Note that the handshaking signals are brought out to the 25 pin D-connector. The CTS1 (clear to send) input to the UART Wildcard connects to the RTS (ready to send) output from the remote. The DSR1 (data set ready) input to the UART Wildcard connects to the DTR (data terminal ready) output from the remote. The DTR1 and RTS1 outputs from the UART Wildcard connect to the DSR and CTS inputs to the remote, respectively. The DCD (data carrier detect) modem output connects to the /RxD2/DCD1 input on the UART Wildcard. Because this pin is shared with /RxD2, Channel2 cannot be configured for RS232 when a modem is in use. In this case, the user is free to implement RS422 or RS485 on Channel 2.


Cable for Dual RS232 9-pin D Connectors

The following cable diagram illustrates the connections required to implement two RS232 ports, each using a 9-pin D-type connector as found on many laptops.

  Signal |  Pin# at UART  | Pin# on 9 pin | Pin# on 9 pin | Signal  |
 Name at | Wildcard Field |    Channel1   |    Channel2   | Name at |
  UART   |   Connector    |   Connector   |   Connector   | Remote  |
Wildcard |                |               |               |         |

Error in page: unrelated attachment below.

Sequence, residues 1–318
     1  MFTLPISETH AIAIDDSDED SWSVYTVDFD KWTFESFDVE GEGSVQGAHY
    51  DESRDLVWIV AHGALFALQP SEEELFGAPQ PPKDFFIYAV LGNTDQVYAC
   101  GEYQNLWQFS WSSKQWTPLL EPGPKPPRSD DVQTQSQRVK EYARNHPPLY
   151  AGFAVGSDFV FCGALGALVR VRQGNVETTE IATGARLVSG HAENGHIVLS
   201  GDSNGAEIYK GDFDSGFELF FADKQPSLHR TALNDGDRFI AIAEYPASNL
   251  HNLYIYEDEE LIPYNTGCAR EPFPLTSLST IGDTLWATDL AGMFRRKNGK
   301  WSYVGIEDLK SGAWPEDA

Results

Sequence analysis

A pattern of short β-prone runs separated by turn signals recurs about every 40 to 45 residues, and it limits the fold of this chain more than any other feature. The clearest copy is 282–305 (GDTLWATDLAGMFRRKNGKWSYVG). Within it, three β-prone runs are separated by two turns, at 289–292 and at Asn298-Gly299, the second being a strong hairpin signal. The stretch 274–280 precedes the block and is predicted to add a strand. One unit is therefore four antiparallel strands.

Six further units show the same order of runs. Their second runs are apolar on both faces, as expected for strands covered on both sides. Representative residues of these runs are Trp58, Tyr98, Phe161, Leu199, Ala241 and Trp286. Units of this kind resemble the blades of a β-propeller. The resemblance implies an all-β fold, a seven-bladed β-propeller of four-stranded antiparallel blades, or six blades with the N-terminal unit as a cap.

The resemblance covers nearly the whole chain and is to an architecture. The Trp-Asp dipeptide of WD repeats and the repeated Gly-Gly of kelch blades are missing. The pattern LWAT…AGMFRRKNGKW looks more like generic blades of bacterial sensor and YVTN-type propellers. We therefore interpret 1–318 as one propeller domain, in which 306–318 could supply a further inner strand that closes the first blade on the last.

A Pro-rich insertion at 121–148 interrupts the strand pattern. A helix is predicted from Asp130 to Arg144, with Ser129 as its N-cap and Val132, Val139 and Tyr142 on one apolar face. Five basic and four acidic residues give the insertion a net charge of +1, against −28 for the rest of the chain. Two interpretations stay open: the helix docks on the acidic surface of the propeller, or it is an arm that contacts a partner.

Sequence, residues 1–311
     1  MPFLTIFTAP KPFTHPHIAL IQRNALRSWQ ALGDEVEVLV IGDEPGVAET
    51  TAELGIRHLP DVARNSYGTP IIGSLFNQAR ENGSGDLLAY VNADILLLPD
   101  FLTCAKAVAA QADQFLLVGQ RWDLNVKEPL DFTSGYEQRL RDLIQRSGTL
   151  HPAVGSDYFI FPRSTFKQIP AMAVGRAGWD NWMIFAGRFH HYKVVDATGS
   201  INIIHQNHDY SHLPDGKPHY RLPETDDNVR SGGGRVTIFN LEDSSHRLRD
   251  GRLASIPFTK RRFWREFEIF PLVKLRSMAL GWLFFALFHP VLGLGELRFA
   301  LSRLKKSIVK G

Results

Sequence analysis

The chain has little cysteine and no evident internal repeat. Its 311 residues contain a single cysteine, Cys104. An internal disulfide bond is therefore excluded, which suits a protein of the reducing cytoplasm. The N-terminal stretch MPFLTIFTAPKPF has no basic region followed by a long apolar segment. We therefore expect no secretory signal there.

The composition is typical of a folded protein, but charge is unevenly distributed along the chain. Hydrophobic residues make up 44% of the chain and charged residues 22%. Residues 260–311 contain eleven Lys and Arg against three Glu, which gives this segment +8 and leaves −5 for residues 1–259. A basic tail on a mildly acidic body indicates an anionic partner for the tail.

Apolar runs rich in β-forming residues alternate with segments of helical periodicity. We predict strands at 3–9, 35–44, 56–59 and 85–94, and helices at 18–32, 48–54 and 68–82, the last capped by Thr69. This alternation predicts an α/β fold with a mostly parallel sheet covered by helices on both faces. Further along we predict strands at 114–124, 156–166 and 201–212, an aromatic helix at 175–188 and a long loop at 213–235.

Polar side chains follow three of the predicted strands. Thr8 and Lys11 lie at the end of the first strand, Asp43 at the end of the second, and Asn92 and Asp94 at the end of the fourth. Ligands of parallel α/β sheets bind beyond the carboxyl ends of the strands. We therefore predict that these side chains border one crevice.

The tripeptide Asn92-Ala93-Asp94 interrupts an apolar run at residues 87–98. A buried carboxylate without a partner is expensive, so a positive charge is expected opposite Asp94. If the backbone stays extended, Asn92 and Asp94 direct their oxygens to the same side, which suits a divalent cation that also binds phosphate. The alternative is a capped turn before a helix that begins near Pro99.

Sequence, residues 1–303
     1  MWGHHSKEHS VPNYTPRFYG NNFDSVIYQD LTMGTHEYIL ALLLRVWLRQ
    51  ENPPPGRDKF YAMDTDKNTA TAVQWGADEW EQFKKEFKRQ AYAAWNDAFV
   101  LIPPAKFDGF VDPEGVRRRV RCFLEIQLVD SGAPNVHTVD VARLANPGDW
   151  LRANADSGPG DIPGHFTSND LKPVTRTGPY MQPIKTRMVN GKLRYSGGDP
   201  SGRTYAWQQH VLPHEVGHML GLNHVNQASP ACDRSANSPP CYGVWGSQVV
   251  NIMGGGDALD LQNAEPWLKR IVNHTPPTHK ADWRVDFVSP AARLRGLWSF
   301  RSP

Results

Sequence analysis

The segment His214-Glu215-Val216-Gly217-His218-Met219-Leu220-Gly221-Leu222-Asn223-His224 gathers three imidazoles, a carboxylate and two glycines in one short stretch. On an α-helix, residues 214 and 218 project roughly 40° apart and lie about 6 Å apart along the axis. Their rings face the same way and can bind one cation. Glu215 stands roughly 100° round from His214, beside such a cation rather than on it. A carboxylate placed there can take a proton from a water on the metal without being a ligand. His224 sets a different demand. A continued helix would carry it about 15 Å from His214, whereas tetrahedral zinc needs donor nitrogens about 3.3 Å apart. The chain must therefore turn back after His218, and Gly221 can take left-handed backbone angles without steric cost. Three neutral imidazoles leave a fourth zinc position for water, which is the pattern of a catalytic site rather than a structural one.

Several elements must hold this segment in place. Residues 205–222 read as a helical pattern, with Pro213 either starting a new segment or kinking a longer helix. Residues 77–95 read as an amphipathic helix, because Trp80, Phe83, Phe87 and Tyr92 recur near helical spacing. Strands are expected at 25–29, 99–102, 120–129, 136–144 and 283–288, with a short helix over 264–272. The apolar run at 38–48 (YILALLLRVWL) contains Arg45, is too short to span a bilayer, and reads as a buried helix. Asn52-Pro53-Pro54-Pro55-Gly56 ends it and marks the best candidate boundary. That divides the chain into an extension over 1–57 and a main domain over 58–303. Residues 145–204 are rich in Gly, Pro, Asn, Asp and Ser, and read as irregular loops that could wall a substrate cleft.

/TxD1          1 ______________ 2                            /RxD
 /RxD1          2 ______________ 3                            /TxD
  DGND          3 ______________ 5                             SGND
 /TxD2         17 _______________________________ 2           /RxD
 /RxD2         18 _______________________________ 3           /TxD
  DGND         19 _______________________________ 5            SGND
                                 7 ___            7 ___        RTS
                                 8 ___|           8 ___|       CTS
                                 6 ___            6 ___        DSR
                                 4 ___|           4 ___|       DTR

Note that /TxD at the local UART Wildcard connects to /RxD at the remote, and the local /RxD connects to /TxD at the remote. Also note that the RS232 handshaking signals RTS and CTS are connected to each other with a shorting wire at the D connector. Similarly, the RS232 handshaking signals DSR and DTR are connected to each other at the D connector. This standard scheme makes the remote computer think that it is always OK to send and receive data.